There is a potential problem for the ground floor use of the Alibi if it remains as a pub or café. At night people outside smoking, etc. will be a noise issue for residents in the flats directly overlooking the area between them. The residents would have noise abatement rights which could impact on the Alibi.
The Co-op convenience store is proposed to open seven days a week, from 7am-11pm. Deliveries to it are proposed to be from the Kingsway frontage. How will all this impact A259 traffic flow? A build-out full of bike racks is visible in one drawing that would squeeze the two lanes down to one at this point. Surely not wise.
Parking? Read the Transport Statement (link below). BHCC advice to lose the car lift and reduce provision has led to offering just 17 carpark spaces – 8 between the Alibi and the Coop for customers (of both?) and 9 for residents adjacent to the Bath Court/St. Aubyns Mansions carpark. A whopping 76 cycle spaces are offered – 34 at ground level and 42 in the basement. You HAVE to read the Transport Statement, look at their figures and claims of plenty of capacity to understand this and to think how you can demonstrate it is wrong. For starters, do you have to park north of Kingsway due to lack of spaces outside your own Esplanade colony home? TELL THE COUNCIL IN YOUR OBJECTION. PROVIDE STREET PARKING PHOTOS RELEVANT TO YOURSELF.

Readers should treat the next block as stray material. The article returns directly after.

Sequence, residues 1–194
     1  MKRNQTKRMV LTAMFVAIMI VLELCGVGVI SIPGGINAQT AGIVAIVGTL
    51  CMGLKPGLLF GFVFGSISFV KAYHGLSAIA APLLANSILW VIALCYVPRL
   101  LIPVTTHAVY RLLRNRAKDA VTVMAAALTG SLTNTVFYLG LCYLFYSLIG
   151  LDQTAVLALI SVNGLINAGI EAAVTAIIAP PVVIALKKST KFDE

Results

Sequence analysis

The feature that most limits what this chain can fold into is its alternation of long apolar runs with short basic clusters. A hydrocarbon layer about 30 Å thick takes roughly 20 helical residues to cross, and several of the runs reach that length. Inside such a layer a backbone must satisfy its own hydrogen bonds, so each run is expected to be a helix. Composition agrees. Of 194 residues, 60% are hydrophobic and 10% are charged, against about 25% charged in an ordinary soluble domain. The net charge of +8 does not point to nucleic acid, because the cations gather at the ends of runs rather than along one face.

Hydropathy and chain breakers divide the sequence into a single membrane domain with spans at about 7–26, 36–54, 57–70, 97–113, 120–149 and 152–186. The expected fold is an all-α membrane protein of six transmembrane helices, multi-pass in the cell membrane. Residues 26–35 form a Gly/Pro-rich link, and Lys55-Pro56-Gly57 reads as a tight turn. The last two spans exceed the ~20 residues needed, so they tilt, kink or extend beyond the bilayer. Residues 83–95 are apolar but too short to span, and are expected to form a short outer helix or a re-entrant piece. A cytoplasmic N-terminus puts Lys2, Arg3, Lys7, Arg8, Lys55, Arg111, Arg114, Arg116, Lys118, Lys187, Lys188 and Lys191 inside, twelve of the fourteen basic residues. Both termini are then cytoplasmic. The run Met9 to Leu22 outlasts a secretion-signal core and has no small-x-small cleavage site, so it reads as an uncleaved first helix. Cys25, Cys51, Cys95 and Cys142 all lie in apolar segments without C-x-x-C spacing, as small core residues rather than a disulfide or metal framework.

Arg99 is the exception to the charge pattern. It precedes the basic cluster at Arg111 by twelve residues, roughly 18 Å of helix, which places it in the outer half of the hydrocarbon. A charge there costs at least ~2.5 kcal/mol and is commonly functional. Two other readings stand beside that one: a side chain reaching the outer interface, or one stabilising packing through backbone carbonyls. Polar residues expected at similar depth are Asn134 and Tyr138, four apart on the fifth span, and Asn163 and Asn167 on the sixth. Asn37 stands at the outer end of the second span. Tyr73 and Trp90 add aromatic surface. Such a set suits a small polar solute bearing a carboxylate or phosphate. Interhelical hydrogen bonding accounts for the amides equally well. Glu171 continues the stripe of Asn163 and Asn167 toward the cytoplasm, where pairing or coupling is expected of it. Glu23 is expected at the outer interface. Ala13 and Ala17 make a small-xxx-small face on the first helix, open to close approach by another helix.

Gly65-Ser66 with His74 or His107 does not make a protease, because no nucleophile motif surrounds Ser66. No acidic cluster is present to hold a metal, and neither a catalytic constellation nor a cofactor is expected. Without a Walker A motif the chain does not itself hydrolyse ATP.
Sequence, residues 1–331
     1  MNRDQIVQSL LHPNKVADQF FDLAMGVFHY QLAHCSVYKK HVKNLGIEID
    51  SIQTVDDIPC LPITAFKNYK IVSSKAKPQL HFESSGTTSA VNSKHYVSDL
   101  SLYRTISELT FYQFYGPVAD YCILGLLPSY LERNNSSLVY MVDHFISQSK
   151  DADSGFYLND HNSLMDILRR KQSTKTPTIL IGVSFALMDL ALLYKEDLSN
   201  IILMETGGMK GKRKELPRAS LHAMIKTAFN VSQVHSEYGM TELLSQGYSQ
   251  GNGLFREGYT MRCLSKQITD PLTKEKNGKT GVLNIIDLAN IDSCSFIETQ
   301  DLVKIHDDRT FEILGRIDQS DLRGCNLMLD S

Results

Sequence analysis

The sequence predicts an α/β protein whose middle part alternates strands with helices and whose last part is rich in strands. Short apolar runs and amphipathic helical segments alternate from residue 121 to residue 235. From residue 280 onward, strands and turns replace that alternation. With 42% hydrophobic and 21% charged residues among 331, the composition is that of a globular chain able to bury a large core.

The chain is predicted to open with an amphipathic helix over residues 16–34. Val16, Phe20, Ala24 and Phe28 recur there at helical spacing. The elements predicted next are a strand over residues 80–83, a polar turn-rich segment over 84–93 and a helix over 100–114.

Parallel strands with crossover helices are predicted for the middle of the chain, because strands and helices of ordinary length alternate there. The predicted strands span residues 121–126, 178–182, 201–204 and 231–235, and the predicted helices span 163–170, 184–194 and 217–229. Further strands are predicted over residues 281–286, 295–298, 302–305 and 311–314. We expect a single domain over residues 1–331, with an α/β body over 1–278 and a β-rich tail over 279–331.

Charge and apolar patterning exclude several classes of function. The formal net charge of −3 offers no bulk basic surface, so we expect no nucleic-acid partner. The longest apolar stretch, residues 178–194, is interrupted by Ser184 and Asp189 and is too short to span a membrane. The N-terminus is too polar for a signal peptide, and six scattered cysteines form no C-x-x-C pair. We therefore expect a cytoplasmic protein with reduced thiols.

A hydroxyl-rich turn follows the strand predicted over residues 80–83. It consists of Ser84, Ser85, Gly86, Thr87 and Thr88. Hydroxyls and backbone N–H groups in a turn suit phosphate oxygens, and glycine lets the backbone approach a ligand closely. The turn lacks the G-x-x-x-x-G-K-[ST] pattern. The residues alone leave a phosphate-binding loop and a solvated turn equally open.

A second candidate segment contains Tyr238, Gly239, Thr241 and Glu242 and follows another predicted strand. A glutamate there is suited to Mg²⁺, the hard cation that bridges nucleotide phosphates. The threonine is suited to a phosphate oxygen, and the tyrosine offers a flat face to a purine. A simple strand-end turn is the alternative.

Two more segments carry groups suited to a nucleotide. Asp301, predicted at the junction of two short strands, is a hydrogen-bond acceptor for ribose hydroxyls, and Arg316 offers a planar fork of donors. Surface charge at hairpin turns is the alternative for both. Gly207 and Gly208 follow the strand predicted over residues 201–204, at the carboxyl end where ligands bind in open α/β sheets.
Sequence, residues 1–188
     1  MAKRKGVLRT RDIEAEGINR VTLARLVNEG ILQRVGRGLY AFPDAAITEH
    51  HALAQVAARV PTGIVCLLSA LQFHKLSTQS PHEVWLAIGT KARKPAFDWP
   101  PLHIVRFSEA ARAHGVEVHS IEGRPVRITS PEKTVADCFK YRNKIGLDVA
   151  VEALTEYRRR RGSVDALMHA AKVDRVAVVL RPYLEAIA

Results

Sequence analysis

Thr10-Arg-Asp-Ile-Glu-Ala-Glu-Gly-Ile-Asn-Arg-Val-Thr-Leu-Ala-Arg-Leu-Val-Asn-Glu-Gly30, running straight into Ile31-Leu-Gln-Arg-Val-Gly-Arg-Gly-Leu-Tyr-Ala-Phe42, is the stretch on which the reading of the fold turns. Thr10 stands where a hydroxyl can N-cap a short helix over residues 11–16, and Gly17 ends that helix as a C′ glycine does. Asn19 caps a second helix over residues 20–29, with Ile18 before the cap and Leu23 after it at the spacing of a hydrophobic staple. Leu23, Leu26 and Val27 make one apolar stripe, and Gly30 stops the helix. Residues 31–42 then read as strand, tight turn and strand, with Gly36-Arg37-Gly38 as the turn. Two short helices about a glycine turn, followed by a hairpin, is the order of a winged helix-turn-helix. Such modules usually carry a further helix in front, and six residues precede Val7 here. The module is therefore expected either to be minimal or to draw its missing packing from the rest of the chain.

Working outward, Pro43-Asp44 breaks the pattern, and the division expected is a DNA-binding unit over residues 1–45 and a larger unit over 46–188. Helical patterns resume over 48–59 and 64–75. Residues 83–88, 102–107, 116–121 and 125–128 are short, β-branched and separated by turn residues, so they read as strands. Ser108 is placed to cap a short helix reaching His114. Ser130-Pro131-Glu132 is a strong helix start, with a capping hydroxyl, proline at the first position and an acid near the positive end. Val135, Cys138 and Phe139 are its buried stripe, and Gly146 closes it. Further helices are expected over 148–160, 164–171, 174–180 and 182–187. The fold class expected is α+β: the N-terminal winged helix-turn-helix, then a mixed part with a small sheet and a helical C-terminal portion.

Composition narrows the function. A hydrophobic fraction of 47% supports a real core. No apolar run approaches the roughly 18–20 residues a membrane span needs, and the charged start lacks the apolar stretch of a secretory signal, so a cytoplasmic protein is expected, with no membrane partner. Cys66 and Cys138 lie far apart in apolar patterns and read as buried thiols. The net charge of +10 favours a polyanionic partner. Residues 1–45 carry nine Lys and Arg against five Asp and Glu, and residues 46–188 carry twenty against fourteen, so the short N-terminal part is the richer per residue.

The towers proposed are so out of place opposite the Listed St. Aubyns corner, St. Aubyns Gardens and locally listed Alibi Pub (originally hotel) which together brought lyrical rounded mid-Victorian era grandeur to that part of Hove and horizontality of line. The corner treatment shrieks vertically from behind its generic, off-the-peg – template – style references in stark contrast with the quietly purring Kingsway grandeur around Victoria Terrace and the entrance to St. Aubyns dead opposite. All entreaties at the exhibition to put in some curves have been studiously ignored.